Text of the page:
Right. people feel that they’re contributing more. if they’re part of a smaller team, right. A more dynamic pressure teams. So the agendas before right. Are completely different to what they are now. and there is this kind of debate of what do candidates prefer to do and what’s their ideal move.

but I think right now there’s a big shift and a big dynamic change where we were many years ago, decades ago. When, yes, it was, you know, people want to work for big corporates, but now it’s starting to change and adapt. the smaller organisations these scale-ups, these startups are starting to push as well and they can contribute. 

Chris: Exciting time if you are looking now, you’re, you’re, you’re beginning to enter the workforce.

I, you know, and I think as you say that the values of, of millennials and generation Z that, I mean, it’s, it’s a completely different mindset and I think is a really positive thing you know, and I think that then that’s also, I think shaping organisational culture for the better. And I applaud that.

I think that’s a really good, really good thing. Moving on to a little bit too artificial intelligence and you use, and this sort of excites me and it concerns me in equal measure perhaps it has to do with my age. I don’t know. I did have a talent business, a while ago and I think a lot of my most successful hires, really, were I think I, you know, really convinced the client that they should see this candidate. And there was a real gut feel on my part and I thought, if you don’t see this person you’re going to miss out on, I really believe that. And I put my reputation on that and I’d say, look, if you think I’m an absolute madman, then you know, don’t use me again but I think you should see this person.

In terms of, you know, using algorithms and. AI technology. Do you think that will prevent that from happening a bit, that gut feel?

Riham: At the moment AI is, is not there to replace people. So that element of gut-feeling will always remain because there’s always a human element to it.

The problem is with gut-feeling and intuition, it’s, it’s the way our brains processes information. We’re constantly comparing incoming sensory information with current experiences against previous knowledges, experiences, memories. And we have to try and use our brain to predict outcomes on the back of that.

And therefore that it seems that intuition, gut-feelings are more of an automatic, fast processing, right? And that’s where we fall prey to these kind of cognitive biases that our brains have. And therefore very hard to have, have a gut-feeling. Without some form of bias. And when you add AI on top of it, right, you have to try and mitigate for these, these cognitive biases, but you also have to make mitigate to these algorithmic biases that keep it , creep in as well.

Therefore, using AI and using machines doesn’t necessarily mean that gets rid of gut-feelings, and we’re going to have less of it because there’s always going to be a human element to it. But what we can do is try and postpone these biases as long as possible, right? So that we don’t rely on these automatic, fast processing of information our brain has to go through and therefore we can try and make more of a judgment on more reasoning and more statistical analysis. Do we try and minimise these algorithmic biases that come up with analysing data as well?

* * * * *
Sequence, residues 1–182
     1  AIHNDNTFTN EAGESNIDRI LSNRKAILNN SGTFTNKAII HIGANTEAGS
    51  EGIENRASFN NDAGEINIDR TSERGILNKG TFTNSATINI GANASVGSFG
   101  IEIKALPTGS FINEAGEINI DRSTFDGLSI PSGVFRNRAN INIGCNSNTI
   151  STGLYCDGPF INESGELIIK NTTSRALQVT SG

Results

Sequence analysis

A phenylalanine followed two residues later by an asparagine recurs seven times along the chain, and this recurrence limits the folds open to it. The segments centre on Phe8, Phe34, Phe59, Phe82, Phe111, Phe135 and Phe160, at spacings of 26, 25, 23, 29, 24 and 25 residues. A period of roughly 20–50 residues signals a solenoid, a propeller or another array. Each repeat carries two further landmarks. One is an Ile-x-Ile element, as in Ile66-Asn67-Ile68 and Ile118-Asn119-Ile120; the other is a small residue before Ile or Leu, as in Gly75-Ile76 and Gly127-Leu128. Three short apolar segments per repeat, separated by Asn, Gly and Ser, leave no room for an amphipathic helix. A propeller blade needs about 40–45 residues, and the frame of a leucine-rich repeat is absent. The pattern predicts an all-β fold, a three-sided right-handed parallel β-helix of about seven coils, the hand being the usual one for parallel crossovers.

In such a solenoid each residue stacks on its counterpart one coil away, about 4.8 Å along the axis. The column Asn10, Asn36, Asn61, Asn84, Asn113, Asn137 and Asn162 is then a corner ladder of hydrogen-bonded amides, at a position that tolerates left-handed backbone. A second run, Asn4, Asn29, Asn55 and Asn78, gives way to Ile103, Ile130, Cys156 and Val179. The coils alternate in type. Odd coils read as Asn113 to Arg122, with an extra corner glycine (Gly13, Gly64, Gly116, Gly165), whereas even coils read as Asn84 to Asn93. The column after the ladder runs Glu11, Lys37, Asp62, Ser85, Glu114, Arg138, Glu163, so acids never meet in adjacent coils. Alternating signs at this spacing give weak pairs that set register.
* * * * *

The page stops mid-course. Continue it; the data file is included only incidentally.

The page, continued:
Chris: Do you think of unconscious bias is always a bad thing? I mean, can bias be good at the same time?

I’m just thinking of this, these, these, you know, these experiences that I had, And perhaps I probably wasn’t actually biased, but I was, but I was using it as a positive measure because I wanted to get this person in to see this client. And she didn’t have the normal background that they would have wanted you know, she was joining a financial services firm and she came from a retail background, high street retail but I just knew that she was right. I just knew that she was, you know she’s a superstar and she did everything that I think they would want have wanted.

So that’s my question is, is it always bad? 

Riham: So that’s an interesting thing. So what the flip-side is, so let me, the candidate you thought was absolutely really ideal, right? And he thought. He would be perfect for this organisation and in that case, he tried to use it as a positive action, but then like what happens to the other candidates that didn’t make it through?

Why didn’t they make it through? So there’s always going to be a flip side to it. So it’s very hard to say if it’s going to be used for positive or negative because there’s always going to be two sides to that story .  What I can say is that we will always have cognitive biases and they’re based on our experiences, our knowledge, our judgements, et cetera.

And these cognitive biases will impact every step of our decision-making. Some biases are faster than others. some biases creep in and, more prominent for people more than others. So how do you try and reduce some of these biases? Are you being aware and accepting of biases?

Establishing criteria is when making decisions, all of those things, try to help reduce the reliance on kind of gut instincts. I can say that they’re skewed one way or another. It’s very tricky to tell. 

Chris: Okay. Okay. I mean, I’ve done some unconscious bias training and I think that the key takeaway that I had from that was, is to pause and to just give yourself a tiny bit of reflection and to say, what are my motives for making the decision that I have just arrived at?

And I think that’s really what, what I took away from that. It’s just that you need to give yourself just that little bit more time and go, am I really, is that, what are my motives? Let me just double-check that actually that is what I was thinking. Would you agree with it?